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Re: How do I set ORACLE_SID in windows NT environment

From: Mark Bole <>
Date: Mon, 13 Dec 2004 21:33:29 GMT
Message-ID: <JUnvd.33574$>

Howard J. Rogers wrote:

> hpuxrac wrote:

>> snip
>>> informed of this.  My advice was, in my opinion, helpful, and is
>> Man oh man i guess we have far different ideas on what being helpful
>> is.

> It's a funny thing, but there seems to be a number of posts lately that
> equate kindness and helpfulness, or politeness and helpfulness. No-one
> ever seems to point out that honesty can be helpful, even when it is
> honesty to a painful degree.


Maybe because those who value getting the computer to do what is needed in the most direct and efficient way already understand this, and don't need to point it out? Having been criticized myself with the comment "it's not what you say, it's the way you say it", I often wonder why it   isn't the other way around: "it's not what you heard, but the way you chose to hear it".

To echo Joel's comment in that other thread about Sybrand, it's frustrating that there is a well-entrenched camp of "feel-gooders" who think that the same skills that make for a successful massage therapist can translate to a successful system or network administrator. (Note: I am making a general statement, not type-casting any specific individual responders to this thread).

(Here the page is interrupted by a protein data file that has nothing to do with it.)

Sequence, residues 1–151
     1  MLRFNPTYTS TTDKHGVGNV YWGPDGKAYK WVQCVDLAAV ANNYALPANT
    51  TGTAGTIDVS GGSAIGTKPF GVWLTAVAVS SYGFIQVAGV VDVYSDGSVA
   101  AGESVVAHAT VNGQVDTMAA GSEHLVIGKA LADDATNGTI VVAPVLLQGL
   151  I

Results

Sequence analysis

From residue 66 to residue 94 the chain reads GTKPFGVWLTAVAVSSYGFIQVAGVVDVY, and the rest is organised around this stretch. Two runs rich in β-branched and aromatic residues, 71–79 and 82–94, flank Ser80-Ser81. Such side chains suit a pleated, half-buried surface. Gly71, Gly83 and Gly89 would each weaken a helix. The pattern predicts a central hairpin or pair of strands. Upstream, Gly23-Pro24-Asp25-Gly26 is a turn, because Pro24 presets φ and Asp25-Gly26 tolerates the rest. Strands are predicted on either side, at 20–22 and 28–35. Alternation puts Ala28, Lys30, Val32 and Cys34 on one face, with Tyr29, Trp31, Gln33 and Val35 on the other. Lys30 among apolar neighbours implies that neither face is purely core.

I actually had the experience of being told by a "senior" co-worker (brother-in-law of the company co-founder), who spent two years (!) in a fruitless effort to design and implement a robust database batch process -- which I and another co-worker then had to spend two months successfully re-creating from the ground up -- that it was just "my way" of doing things, not necessarily a better way. This same person eventually almost got me fired, not for any personal attacks, but simply because I documented every one of his many technical mistakes that I had to fix, and he somehow thought that was unprofessional.

Of course I understand about organizational politics -- hey, I was a boss for ten years myself, and considered it part of my job to motivate and get the most from the "feel-gooders" I inherited or had foisted upon me, even at the expense of some sub-optimal technical solutions. But that's what a boss is paid for -- not Usenet posters.

Having said that, the lessons learned from this specific post, beyond those in the "FAQ - how to get an answer", are:

  1. don't confer a "guru" title upon yourself -- calling yourself 'sexystud' in the personals may be OK, but not here.
  2. If you have a simple question, just ask it - don't provide a lot of extraneous information trying to show that you are an old hand at this, as it will probably backfire.
  3. If someone says "I am basically a Unix person", it doesn't necessarily mean they are not an Oracle person. Corollary -- anyone who is a "Unix person" should have little problem figuring out basic things in Windows. I would have to agree that anyone who says they need help setting a Windows environment variable is probably not very knowledgeable about either Windows or Unix, certainly not at the DBA level. And this is clearly a RTFM question.
  4. the marketplace is not efficient - lots of people get hired to do DBA jobs in place of more qualified people, perhaps because the customer is one who values kindness or politeness over helpfulness.

-Mark Bole Received on Mon Dec 13 2004 - 15:33:29 CST

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